Effort To Threaten Women’s Rights Take Center Stage In Florida

Heather Cox Richardson

Today, Florida’s ban on abortions after six weeks—earlier than most women know they’re pregnant—went into effect. The Florida legislature passed the law and Florida governor Ron DeSantis signed it a little more than a year ago, on April 13, 2023, but the new law was on hold while the Florida Supreme Court reviewed it. On April 1 the court permitted the law to go into operation today. 

The new Florida law is possible because two years ago, on June 24, 2022, the Supreme Court  overturned the 1973 Roe v. Wade decision that recognized the constitutional right to abortion. In Dobbs v. Jackson Women’s Health Organization, the modern court decided that the right to determine abortion rights must be returned “to the people’s elected representatives” at the state level. 

Immediately, Republican-dominated states began to restrict abortion rights. Now, one out of three American women of childbearing age lives in one of the more than 20 states with abortion bans. This means, as Cecile Richards, former president of Planned Parenthood, put it in The Daily Beast today, “child rape victims forced to give birth, miscarrying patients turned away from emergency rooms and told to return when they’re in sepsis.” It means recognizing that the state has claimed the right to make a person’s most personal health decisions. 

Until today, Florida’s law was less stringent than that of other southern states, making it a destination for women of other states to obtain the abortions they could not get at home. In the Washington Post today, Caroline Kitchener noted that in the past, more than 80,000 women a year obtained abortions in Florida. Now, receiving that reproductive care will mean a trip to Virginia, Illinois, or North Carolina, where the procedure is still legal, putting it out of reach for many women. 

This November, voters in Florida will weigh in on a proposed amendment to the Florida constitution to establish the right to abortion. The proposed amendment reads: “No law shall prohibit, penalize, delay, or restrict abortion before viability or when necessary to protect the patient’s health, as determined by the patient’s healthcare provider.” Even if the amendment receives the 60% support it will need to be added to the constitution, it will come too late for tens of thousands of women.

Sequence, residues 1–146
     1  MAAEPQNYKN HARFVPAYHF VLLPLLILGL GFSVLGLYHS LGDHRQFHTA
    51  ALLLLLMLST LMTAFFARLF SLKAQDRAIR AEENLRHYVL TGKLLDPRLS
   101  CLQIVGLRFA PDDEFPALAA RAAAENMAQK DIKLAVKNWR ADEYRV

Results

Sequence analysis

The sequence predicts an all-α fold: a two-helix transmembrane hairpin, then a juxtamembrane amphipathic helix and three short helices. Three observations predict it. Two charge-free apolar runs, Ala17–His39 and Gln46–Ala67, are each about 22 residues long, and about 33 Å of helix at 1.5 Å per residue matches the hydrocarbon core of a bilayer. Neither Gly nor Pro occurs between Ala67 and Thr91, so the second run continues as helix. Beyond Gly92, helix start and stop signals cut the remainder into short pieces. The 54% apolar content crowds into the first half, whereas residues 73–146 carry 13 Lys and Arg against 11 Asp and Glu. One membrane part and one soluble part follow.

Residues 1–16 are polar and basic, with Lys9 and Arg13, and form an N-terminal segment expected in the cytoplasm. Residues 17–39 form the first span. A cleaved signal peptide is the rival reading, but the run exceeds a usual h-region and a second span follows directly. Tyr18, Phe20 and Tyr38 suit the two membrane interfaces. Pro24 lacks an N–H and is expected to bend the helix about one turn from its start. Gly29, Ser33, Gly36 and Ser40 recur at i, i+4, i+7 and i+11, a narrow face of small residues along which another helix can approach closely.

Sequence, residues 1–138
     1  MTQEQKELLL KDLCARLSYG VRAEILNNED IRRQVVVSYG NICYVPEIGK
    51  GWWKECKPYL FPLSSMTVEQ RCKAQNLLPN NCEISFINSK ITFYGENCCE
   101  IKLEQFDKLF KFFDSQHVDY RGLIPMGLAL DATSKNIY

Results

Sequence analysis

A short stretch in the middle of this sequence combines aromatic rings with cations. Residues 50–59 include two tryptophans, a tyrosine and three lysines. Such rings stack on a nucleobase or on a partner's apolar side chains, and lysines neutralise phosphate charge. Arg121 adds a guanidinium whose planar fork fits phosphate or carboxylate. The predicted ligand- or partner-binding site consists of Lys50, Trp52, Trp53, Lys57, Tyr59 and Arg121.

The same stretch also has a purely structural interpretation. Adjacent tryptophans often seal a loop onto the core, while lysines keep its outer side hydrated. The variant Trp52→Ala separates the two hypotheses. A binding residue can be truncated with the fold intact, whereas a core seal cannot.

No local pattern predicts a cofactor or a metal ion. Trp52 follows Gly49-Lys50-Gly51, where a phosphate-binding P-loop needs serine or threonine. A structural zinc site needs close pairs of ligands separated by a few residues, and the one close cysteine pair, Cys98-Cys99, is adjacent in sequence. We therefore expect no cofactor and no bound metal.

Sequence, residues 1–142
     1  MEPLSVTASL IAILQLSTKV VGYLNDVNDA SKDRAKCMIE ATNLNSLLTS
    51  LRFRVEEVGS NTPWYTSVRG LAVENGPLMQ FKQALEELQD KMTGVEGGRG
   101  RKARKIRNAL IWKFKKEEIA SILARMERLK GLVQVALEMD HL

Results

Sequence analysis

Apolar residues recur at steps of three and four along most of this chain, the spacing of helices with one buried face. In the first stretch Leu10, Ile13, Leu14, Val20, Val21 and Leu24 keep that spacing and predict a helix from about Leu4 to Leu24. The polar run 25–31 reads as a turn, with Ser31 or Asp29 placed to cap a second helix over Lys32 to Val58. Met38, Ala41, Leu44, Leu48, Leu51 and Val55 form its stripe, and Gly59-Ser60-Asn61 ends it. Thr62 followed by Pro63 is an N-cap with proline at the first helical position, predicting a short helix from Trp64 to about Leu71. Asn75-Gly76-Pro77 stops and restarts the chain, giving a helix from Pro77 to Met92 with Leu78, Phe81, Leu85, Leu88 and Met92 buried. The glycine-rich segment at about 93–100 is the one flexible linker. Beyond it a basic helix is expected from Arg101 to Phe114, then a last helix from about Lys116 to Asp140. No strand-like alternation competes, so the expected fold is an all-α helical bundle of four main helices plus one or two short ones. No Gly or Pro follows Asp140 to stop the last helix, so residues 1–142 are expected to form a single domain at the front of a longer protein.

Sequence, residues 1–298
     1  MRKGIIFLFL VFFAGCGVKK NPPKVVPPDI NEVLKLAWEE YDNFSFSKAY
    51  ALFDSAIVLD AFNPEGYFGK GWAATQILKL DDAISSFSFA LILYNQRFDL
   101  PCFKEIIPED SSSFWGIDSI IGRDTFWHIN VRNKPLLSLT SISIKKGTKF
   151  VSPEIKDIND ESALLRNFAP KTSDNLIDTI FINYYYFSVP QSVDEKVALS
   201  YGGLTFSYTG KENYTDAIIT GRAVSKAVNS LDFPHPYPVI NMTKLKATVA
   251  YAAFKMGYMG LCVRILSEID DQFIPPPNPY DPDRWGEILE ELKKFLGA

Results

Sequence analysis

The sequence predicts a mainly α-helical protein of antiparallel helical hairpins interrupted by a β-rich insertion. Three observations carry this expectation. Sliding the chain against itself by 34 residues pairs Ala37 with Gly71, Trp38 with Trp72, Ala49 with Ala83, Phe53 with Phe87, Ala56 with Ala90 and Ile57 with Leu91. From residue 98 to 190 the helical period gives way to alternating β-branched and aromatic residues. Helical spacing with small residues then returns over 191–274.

It is not unrelated that this week Texas attorney general Ken Paxton, along with other Republican attorneys general, has twice sued the Biden administration, challenging its authority to impose policy on states. One lawsuit objects to the government’s civil rights protections for sexual orientation and gender identity. The other lawsuit seeks to stop a federal rule that closes a loophole that, according to Texas Tribunereporter Alejandro Serrano, lets people sell guns online or at gun shows without conducting background checks.  

In both cases, according to law professor and legal analyst Steve Vladeck, Paxton has filed the suit in the Amarillo Division of the U.S. District Court for the Northern District of Texas, where it will be assigned to Judge Matthew Kacsmaryk, the Trump appointee who suspended the use of mifepristone, an abortion-inducing drug, in order to stop abortions nationally. 

Last month the Judicial Conference, which oversees the federal judiciary, tried to end this practice of judge-shopping by calling for cases to be randomly assigned to any judge in a district; the U.S. District Court for the Northern District of Texas says it will not comply. 

And so the cases go to Kacsmaryk, who will almost certainly agree with the Republican states’ position.

Republicans are engaged in the process of dismantling the federal government, working to get rid of its regulation of business, basic social welfare laws and the taxes needed to pay for such measures, the promotion of infrastructure, and the protection of civil rights. To do so, they have increasingly argued that the states, rather than the federal government, are the centerpiece of our democratic system. 

That democracy belonged to the states was the argument of the southern Democrats before the Civil War, who insisted that the federal government could not legitimately intervene in state affairs out of their concern that the overwhelming popular majority in the North would demand an end to human enslavement. Challenged to defend their enslavement of their neighbors in a country that boasted “all men are created equal,” southern enslavers argued that enslavement was secondary to the fact that voters had chosen to impose it.